Long before the celebrity chefs restaurants sprouted up at the two Integrated Resorts here, Les Amis was probably one of the stalwarts of fine dining in Singapore. Competition has sure benefited consumers as restaurants try to offer more interesting menus, concepts and value.
Yes, value. Even at the upper echelons of fine dining, there is value to be had.
I found this to be the case while grazing at Les Amis a few months ago, where ex-Cépage Sebastien Lepinoy is now Executive Chef. Chef Sebastien used to work under legendary chef Joël Robuchon so you can guess there's a certain quality and pedigree to his craft.
The bread basket was so good that
I could eat it on its own the PR girl made fun of this bread-chewing cow. :( LOL.
Moore seriously, the breads, all baked in-house by the way, were really good. Even better that they were served with French Bordier butter. Here they had 5 types for us to pick- salted, unsalted, seaweed, espelette chilli and smoked.
The first dish of French Caviar from Sologne presented itself in two ways. The first was atop a neat bundle of chilled angel hair pasta with seaweed and chives. Delicious and refreshing though reminiscent of other variants out there. The second form was on maki of scallop sashimi. The "rice" was actually scallop sashimi. Pretty interesting.
Next came the Steamed Blue Crab on Hokkaido Sea Urchin on Lobster Custard & Fennel Foam. Loved the visually pleasing look of this dish. There was some Japanese influence in this delicate yet flavourful item. Very well done!
The Crispy Cornouaille Langoustine featured a perfectly fried dumpling of langoustine that was light and crispy. However, moo thinks its flavour was rather bland. The accompanying ‘folichonne’ salad aka "crazy salad" on the other hand was delish with strips of seaweed and fried white bait tossed with the greens.
Can't quite do French without foie gras, no? One can either debate and argue against or for this delicacy until my fellow cows come home but when served this, I prefer to simply eat. Moohehe. The Pan Seared Foie Gras and French River Eel accompanied by Citrus Fruits was a medley of textures and flavours from both the sea and the land.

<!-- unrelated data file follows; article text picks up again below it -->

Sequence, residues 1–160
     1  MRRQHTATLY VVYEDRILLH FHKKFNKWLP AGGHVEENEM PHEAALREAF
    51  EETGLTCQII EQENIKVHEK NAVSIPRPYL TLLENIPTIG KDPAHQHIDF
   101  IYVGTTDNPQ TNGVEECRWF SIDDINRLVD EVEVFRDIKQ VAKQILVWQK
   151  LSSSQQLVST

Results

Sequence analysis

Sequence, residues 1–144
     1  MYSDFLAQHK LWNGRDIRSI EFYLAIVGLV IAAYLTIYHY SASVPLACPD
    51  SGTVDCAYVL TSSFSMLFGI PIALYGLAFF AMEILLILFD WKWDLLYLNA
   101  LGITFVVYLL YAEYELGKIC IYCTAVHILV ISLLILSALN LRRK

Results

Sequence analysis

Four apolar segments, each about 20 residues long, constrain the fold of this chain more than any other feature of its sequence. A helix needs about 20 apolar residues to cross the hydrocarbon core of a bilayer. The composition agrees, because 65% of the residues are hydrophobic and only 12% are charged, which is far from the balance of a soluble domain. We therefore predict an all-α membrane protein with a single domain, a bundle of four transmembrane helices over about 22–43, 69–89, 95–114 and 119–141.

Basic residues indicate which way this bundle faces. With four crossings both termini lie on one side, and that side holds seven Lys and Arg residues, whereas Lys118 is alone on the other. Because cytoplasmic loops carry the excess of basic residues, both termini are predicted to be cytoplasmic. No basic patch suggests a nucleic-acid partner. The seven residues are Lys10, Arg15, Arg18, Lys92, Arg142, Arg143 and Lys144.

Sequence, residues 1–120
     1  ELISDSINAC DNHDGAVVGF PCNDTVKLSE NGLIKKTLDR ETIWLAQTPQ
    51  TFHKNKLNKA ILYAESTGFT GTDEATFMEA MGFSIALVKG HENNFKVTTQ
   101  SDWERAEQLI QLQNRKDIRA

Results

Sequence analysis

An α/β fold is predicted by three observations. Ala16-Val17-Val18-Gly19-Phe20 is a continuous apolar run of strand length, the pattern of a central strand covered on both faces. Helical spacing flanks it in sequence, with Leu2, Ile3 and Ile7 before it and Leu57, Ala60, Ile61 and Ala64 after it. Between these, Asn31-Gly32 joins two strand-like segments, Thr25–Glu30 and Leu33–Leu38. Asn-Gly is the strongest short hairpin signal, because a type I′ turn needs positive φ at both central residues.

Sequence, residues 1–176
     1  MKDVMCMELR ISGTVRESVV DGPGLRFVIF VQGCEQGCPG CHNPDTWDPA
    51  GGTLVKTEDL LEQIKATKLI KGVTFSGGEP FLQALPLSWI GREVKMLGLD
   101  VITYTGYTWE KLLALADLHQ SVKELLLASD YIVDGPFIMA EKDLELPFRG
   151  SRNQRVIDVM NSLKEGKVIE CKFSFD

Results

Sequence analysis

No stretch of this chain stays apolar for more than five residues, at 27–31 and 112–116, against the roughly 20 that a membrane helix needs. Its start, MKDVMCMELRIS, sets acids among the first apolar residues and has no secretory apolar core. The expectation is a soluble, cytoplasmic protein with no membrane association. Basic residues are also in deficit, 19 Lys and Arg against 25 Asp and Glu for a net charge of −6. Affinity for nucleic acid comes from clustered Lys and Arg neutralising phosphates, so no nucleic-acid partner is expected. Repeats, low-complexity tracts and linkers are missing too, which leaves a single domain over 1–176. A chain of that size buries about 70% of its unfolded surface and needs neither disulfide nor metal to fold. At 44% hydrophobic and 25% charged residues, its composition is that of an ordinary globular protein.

Perhaps to end on a high note before desserts, the Grilled Dry Aged Beef with Bitter Herbs, Mushrooms and a Rich Jus made its appearance. A5 Japanese Kagoshima wagyu. I ate in blissful silence. :p
Then I discovered there was moore bread. Damn! Moohahaha.
Ok, time for desserts. Pastry Chef Cheryl Koh holds the fort on the baked and the sweet here.
Les Amis’ Dark Valrhona Chocolate P125 Souffle oozed understated charm. Served with Tahiti vanilla ice cream, the airy chocolate souffle played on the classic chocolate-vanilla pairing. Rich, luxurious and balanced.
As a bonus, Chef Cheryl brought out these Paris-Brest which were sweet, flaky, creamy and I bet (deliciously) calorie laden. Moohehe.
We also got to try 2 wines that evening. The fresh, citrusy Austrian Huber Grüner Veltliner 2012 ($90) was a very food-friendly wine with a nice length while the 100%-Merlot Chateau Clarisse Vieilles Vignes 2010 ($120) boasted dark fruits and some herbs with a rounded finish. Lovely with the Kagoshima wagyu.
Actually, I am a very simple eater. This will do. Moohehe.
Les Amis' modern European cuisine is very refined and sophisticated.
And the best part? It has gotten moore affordable!
The above are highlights selected across the different meal segments menus. Lunch sets are priced at $45++ while dinner starts from $150++ per person.
Thanks to Nicole of GHC Asia, and Merissa and Chevonne of Les Amis for the invitation.
Tel: 6733 2225
Chew On This: Enjoy a tour of their walk-in wine cellar (wish I would have this at home!) and ask the friendly sommeliers for wine recommendations to complement the meal.